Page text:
Cover Global Coaching Excellence


A holistic approach

The pace and pressure of change in today’s VUCA world impacted by digitalisation require considerable agility and flexibility from leaders and employees. The most important influence in my life and a pivotal learning curve was A. Maslow’s quote: “What is necessary to change a person is to change his awareness of himself.” (cited in Henley Business School, 2016, p.5.). This perception acted as a nudge for me (Thaler and Sunstein 2009). Consequently, I realised more than ever before that I could only change myself and challenge my behaviour if I changed my self-awareness.

The founding principle for this is our self-awareness which, in turn, is determined by our conditioning, attitude, repression, transference/countertransference and our unconscious.

  • Our self-awareness directs us in personal and professional situations. If, however, our awareness is restricted by conditioning and limiting beliefs out of sync with reality, can we then treat others fairly in critical situations, be fair to ourselves and fulfil our potential and purpose? It is difficult for us to act autonomously, to control our emotions and to be more relaxed when faced with stress in the digital age, because our self-awareness is selected or stunted: we deny, we suppress and resist necessary changes. Moreover, we don’t know how others perceive us: as authentic or unnatural and this again creates uncertainty. At times, we therefore stand in our own way and are our own worst enemies.
  • My approach is in line with A. Maslow and is deeply impacted by my experiences of continuous self-reflection. It supports coachees to analyse and overcome latent or blocked possibilities by developing skills and discovering joint solutions, thus enhancing their agility and flexibility. Continuously reflecting and intuitively selecting the right coaching method without being biased truly supports coachees to break away from impediments acquired in their early lives and to accept fateful limitations. We all have more psychological and human potential than we usually dare to admit.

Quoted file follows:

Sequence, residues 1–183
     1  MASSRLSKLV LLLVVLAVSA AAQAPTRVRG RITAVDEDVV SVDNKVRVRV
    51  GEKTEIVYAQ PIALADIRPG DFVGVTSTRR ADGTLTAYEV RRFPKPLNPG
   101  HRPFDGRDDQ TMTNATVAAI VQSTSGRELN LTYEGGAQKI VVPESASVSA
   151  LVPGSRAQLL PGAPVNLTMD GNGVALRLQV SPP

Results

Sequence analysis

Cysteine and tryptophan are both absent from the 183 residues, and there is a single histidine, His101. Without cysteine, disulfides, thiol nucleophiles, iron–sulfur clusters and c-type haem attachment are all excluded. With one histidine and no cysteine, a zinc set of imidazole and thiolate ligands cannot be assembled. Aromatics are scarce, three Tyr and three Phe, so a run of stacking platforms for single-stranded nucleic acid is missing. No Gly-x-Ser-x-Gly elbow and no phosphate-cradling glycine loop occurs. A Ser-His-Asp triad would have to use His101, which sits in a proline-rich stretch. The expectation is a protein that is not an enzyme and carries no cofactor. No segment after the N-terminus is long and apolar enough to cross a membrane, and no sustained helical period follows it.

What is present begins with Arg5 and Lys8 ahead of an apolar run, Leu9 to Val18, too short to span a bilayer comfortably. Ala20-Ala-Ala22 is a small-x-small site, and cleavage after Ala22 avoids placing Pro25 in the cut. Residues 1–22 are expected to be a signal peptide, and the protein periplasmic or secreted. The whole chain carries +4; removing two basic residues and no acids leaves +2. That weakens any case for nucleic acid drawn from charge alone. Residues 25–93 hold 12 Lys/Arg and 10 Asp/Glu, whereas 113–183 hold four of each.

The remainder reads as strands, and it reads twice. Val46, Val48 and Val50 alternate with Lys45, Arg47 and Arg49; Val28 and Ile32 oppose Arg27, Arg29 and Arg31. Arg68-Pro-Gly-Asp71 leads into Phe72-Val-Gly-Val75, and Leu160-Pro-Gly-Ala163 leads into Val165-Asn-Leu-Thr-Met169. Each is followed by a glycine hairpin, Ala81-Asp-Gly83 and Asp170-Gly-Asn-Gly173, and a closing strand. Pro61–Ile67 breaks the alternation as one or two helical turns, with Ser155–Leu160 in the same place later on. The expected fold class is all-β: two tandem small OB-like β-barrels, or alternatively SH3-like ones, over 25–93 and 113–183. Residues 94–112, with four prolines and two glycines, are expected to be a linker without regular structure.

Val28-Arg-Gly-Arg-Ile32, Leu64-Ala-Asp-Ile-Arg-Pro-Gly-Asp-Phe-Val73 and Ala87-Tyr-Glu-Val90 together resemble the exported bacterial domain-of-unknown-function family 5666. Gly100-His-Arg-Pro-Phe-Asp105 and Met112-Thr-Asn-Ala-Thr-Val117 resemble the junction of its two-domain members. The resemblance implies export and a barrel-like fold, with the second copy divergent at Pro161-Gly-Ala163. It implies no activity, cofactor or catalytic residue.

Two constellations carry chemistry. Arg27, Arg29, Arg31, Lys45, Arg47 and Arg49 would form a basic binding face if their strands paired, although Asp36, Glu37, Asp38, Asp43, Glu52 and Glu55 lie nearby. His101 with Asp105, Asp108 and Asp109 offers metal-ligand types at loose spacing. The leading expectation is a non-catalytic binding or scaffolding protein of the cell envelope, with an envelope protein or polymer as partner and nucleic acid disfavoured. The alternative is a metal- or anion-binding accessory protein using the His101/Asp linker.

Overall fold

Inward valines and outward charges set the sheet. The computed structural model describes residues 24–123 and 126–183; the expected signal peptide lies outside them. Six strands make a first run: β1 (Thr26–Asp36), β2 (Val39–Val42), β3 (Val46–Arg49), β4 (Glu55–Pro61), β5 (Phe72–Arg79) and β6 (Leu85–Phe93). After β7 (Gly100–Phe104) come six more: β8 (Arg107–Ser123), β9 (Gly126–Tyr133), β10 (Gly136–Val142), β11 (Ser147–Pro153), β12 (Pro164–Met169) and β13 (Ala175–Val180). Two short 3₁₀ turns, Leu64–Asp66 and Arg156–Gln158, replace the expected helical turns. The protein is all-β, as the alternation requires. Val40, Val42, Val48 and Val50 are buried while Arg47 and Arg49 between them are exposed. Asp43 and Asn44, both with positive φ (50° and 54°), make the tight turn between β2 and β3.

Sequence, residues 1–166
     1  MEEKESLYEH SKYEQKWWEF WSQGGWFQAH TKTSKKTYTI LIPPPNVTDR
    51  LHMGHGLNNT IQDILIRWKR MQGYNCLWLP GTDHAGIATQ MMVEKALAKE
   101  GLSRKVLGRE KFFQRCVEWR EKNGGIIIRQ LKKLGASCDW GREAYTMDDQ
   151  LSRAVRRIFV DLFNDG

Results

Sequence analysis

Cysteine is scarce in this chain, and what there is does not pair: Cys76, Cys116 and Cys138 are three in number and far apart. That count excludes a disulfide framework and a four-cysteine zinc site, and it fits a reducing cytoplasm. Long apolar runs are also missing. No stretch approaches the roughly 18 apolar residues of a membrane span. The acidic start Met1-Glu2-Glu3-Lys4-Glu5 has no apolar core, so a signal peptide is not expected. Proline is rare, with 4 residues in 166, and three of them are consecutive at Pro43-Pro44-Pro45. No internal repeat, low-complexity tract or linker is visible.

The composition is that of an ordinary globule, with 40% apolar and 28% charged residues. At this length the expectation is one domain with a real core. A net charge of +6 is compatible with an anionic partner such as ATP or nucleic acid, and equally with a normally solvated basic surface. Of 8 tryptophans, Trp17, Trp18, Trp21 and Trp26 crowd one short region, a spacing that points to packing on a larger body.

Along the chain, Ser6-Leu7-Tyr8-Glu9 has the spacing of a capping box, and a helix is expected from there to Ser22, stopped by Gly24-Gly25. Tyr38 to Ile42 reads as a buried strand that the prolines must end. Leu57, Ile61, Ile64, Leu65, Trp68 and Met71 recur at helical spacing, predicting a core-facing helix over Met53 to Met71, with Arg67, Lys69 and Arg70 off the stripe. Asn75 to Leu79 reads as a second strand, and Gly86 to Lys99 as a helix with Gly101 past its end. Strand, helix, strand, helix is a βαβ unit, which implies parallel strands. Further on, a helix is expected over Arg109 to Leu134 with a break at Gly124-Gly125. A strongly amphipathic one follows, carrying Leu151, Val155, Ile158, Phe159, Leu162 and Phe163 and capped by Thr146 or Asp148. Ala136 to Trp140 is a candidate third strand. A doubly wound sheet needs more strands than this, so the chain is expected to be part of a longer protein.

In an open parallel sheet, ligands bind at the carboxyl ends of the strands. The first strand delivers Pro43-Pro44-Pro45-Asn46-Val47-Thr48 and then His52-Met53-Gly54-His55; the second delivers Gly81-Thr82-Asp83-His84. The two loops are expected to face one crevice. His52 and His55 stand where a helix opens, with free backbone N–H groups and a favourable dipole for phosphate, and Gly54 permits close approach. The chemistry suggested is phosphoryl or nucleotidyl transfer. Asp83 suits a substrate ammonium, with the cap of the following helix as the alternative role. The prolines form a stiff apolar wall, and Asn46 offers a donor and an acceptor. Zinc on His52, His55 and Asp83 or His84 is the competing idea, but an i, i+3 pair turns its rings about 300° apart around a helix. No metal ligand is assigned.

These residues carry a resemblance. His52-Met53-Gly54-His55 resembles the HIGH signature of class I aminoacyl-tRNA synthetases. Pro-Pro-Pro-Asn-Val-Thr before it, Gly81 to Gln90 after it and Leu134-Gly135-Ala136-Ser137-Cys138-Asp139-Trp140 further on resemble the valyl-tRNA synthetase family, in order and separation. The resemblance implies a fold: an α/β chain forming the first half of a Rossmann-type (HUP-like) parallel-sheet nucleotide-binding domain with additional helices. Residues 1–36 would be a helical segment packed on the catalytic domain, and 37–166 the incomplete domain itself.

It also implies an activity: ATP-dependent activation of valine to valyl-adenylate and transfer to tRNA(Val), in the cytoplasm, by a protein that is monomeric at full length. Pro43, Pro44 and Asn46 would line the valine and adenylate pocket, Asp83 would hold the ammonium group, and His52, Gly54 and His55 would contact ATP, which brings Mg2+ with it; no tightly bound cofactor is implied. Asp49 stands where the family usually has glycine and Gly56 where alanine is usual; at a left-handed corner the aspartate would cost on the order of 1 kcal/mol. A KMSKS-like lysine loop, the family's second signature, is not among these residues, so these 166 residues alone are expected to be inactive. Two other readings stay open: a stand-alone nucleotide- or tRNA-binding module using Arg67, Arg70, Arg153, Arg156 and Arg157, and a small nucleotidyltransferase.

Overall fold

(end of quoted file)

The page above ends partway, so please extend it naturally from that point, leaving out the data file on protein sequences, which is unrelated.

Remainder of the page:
• Thus, it is the coach’s job to help the coachee to focus his/her whole attention on his/her senses: sight, hearing, touch, smell and taste. The more the coachee is aware of him/herself, the more information he/she has. And the more information he/she has, the better he/she is able to react in an intelligent, and emotionally intelligent, way. The coach must help the coachee to sharpen his/her awareness through exercises, questioning techniques, interventions and interactive techniques based on methods from humanistic psychology.
  • But all the insights gained will have been in vain, if the goals and results of the coaching are not implemented consequently. Ensuring this is also a crucial task for the coach of tomorrow.